The Southern Ocean Research Partnership (SORP)
The Southern Ocean Research Partnership (SORP) is an integrated, collaborative consortium for cetacean research, which aims to maximise conservation-orientated outcomes for Southern Ocean cetaceans through an understanding of the post-exploitation status, health, dynamics and environmental linkages of their populations, and the threats they face. The partnership maintains an integrated and responsive relationship with the Scientific Committee of the International Whaling Commission (IWC) and its priorities. SORP was endorsed by the Scientific Committee of the IWC at its Annual Meeting in June 2009.
SORP currently focuses on the large whale species managed by the IWC: Antarctic blue whale, humpback whale, fin whale and Antarctic minke whale. Killer whales are also considered as an important component of the Southern Ocean ecosystem. The regional focus of SORP is the Southern Ocean but relevant research efforts also include migratory corridors and breeding grounds.
There are currently five on-going SORP research projects:
- The Antarctic Blue Whale Project (ABWP): towards an improved circumpolar abundance estimate;
- Distribution, relative abundance, migration patterns and foraging ecology of three ecotypes of killer whales in the Southern Ocean;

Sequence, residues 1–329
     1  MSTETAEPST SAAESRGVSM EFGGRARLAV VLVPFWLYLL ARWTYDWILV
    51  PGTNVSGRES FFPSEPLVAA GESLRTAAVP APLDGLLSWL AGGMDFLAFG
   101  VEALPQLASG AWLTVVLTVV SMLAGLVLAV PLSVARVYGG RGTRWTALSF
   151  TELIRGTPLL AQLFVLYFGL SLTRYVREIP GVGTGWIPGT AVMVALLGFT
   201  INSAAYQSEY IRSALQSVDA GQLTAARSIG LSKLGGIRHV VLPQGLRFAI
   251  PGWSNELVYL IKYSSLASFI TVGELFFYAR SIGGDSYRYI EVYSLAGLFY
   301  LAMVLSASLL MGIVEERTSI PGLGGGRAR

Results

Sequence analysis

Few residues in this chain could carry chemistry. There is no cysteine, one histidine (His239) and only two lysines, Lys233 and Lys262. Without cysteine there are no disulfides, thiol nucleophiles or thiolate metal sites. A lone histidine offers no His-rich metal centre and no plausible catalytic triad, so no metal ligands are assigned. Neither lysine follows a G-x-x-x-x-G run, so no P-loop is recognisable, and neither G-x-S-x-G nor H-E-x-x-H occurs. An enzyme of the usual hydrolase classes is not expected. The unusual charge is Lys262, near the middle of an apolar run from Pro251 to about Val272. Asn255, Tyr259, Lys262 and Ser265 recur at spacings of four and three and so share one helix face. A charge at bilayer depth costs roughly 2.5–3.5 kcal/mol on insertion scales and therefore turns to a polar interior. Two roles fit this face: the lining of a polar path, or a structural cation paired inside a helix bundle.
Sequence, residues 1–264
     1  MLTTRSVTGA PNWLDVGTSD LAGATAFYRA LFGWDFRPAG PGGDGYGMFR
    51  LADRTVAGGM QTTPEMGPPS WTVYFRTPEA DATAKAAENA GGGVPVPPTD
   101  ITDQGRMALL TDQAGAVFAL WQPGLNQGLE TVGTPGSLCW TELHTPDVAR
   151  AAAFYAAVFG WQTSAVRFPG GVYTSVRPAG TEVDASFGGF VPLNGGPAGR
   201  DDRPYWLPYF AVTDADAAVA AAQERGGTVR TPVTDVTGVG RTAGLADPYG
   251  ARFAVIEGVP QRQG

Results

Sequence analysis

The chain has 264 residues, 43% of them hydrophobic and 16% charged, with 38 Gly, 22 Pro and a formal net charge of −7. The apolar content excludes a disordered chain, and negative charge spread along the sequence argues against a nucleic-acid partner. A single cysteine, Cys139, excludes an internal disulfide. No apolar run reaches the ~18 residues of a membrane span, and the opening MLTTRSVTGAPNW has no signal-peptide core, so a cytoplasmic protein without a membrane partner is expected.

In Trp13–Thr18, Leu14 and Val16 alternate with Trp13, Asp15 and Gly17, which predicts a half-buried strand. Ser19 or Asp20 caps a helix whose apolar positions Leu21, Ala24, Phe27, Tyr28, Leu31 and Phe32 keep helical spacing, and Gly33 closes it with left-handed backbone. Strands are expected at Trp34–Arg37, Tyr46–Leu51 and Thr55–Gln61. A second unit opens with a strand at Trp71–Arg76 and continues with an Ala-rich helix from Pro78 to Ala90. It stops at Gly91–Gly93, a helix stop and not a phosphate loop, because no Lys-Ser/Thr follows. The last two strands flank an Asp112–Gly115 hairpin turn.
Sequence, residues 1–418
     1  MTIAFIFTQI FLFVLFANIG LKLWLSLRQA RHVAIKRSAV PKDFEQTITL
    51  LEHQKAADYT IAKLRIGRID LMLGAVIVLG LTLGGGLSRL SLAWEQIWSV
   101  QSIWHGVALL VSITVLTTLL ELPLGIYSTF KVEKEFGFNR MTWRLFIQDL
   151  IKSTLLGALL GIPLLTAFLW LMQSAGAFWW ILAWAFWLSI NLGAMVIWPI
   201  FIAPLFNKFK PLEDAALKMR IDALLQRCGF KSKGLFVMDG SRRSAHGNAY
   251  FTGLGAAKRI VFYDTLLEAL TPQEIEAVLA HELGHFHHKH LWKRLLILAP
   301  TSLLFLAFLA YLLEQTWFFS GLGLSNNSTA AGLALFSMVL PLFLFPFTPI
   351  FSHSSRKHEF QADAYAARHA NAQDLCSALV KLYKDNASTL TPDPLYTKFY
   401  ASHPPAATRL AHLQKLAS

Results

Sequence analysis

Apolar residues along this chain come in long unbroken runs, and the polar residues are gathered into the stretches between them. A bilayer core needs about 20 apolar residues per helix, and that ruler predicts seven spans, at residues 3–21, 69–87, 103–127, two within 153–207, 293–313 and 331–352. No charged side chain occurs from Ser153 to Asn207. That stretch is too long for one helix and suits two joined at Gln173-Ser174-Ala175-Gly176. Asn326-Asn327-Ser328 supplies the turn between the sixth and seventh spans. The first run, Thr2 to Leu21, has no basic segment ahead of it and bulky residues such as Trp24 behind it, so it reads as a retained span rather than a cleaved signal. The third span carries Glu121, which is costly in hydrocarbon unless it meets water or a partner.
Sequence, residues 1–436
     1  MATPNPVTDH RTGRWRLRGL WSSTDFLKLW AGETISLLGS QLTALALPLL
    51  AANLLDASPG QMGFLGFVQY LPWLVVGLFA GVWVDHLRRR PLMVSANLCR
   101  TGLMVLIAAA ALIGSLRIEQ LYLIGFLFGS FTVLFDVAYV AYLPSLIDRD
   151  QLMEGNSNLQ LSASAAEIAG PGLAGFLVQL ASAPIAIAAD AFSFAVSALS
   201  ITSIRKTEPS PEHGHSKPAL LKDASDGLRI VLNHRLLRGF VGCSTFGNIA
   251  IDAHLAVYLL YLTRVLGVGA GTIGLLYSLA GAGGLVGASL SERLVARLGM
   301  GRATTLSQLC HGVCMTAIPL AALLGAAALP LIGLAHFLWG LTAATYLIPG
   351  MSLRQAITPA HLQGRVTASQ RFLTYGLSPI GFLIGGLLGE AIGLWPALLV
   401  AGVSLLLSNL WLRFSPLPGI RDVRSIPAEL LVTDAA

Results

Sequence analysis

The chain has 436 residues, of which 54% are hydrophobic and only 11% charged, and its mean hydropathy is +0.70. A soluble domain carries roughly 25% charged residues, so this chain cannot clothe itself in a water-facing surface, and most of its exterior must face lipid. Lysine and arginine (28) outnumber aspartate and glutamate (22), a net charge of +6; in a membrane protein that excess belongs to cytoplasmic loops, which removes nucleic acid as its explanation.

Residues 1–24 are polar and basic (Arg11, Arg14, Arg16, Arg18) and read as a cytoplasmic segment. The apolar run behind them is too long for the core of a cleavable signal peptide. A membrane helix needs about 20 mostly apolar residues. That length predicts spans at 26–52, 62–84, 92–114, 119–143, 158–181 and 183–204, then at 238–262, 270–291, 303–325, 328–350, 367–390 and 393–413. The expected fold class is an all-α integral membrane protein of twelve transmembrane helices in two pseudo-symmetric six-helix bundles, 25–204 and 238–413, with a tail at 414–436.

- Foraging ecology and predator-prey interactions between baleen whales and krill: a multi-scale comparative study across Antarctic regions;
- Acoustic trends in abundance, distribution, and seasonal presence of Antarctic blue whales and fin whales in the Southern Ocean;
- What is the distribution and extent of mixing of Southern Hemisphere humpback whale populations around Antarctica?
A 6th project, The Living Whales Symposium and Workshops, was completed in March 2012. Click here for more information.
Scientists participating in SORP are developing and applying novel, powerful, conservation-oriented research methods including acoustic techniques, tagging devices, photography and satellite tracking methods, tissue sampling and sophisticated genetic techniques, as well as important ecological theory and analyses.
The Partnership currently includes ten countries: Argentina, Australia, Brazil, Chile, France, Germany, New Zealand, Norway, South Africa and the United States of America. SORP warmly welcomes new partners to formally commit to participation in this exciting initiative.
Detailed information is available from: http://www.marinemammals.gov.au/sorp